Human Capital, that intangible asset we know as people and all the qualities that make up a person, skills, knowledge, capability, and experience (and personality), is a critical aspect of an organisation, it represents the individual and the collective. Human capital management trends in ‘haves-environments’ are spearheading conversations about re-architecting work and worker/employer relationships, testing the social enterprise (we are a team, not a family), and unleashing purpose. They talk of transformation and shifting from lifelong employment to lifelong employability. A portion of our workforce will come from environments where they are confronted with continuous automation and robotization in their daily lives, and are aware that to remain relevant, they need to become more and more specialized and ‘specialist’. To keep remain competitive and aware in an ever increasingly ‘connected’ world, they need to be connected, follow the latest developments and advancements in their professional streams.
Our work, however, takes place in the world’s most difficult contexts. Our employees are stationed around the globe in politically tense and high-risk environments, potentially where international sanctions have been imposed, where there is disrupted power supply and a lack of clean water. For them, arguably, connectivity is a secondary consideration. The local context may also mean working with minimum, old and/or outdated infrastructure. For some of these tools, external training is no longer available, meaning we may have to invest in maintaining training and a skill set that is declining or has no value in the open commercial market. This can be a point of frustration for employees as well, if we imagine that the workplace is where they want to demonstrate their application of learning in context (skills versus experience).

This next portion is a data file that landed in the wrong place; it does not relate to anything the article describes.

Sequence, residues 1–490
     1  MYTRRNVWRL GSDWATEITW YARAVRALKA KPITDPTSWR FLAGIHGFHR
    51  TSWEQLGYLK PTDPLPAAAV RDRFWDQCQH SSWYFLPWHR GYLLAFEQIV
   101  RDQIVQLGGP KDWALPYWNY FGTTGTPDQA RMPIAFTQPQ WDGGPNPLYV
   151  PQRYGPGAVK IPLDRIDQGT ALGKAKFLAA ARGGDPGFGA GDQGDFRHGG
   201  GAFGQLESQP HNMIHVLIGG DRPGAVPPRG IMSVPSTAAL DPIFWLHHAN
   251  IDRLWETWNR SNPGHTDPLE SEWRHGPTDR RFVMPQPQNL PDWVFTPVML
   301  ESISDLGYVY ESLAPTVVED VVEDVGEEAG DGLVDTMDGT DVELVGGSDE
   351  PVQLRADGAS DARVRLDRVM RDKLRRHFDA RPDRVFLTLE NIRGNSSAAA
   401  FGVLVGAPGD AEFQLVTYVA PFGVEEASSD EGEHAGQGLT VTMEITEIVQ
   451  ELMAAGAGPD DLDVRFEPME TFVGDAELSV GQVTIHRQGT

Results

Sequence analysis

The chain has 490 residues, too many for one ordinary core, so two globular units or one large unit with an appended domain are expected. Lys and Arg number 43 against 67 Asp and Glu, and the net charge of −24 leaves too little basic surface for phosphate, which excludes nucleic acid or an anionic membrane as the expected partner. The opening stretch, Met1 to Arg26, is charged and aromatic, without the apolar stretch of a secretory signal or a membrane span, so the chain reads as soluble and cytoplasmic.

Within our own working context, we have a further issue of haves and have-nots. A portion of our workforce are focused on maintaining basic livelihood as a direct consequence of the context in which they live. For them, the approach to fairness, equal access to learning opportunities, assessment of performance, reward and recognition and promoting employee engagement is different. Initiatives for unleashing purpose is probably not a primary concern, and may in fact be incredibly disconnected from their realities. The fact that this gap, this ‘have and have-not’ situation, exists internally is a basic trait of the sector itself, and is a hurdle for all humanitarian organisations.
Society has a notion of what it means to be a humanitarian. Society expects public duty, voluntary acts of kindness and compassion, absolute transparency, the appropriate use and distribution of funding, the moral obligation that reflects always doing the right thing. Often, we are seen iconically as the gap-closers because of the work we do with the communities we serve. Employees also have expectations of humanitarian organisations that are quite similar— luckily for that element of coherence. They expect care, support and investment into them as valuable and critical participants and partners. They expect fair and right compensation for their work and support and infrastructure to enable them to perform. However, if we bear in mind the extreme deviations between employees’ local and working environments, as well as the variety of sovereign contexts, then what is right or needed for one group of employees is likely to be vastly different to another. We add to this situation, the fact that in and of itself, the work we do and the contexts in which we work means that our human capital is unique to the experience and skills developed in situ. These competencies can be hard to come by elsewhere, and may not necessarily be well understood in the open market. This makes our knowledge management, retention of high performers and critical competencies important, but also means we have to take some different approaches to career development meaning we may not be able to leverage more commercial and standard market offerings.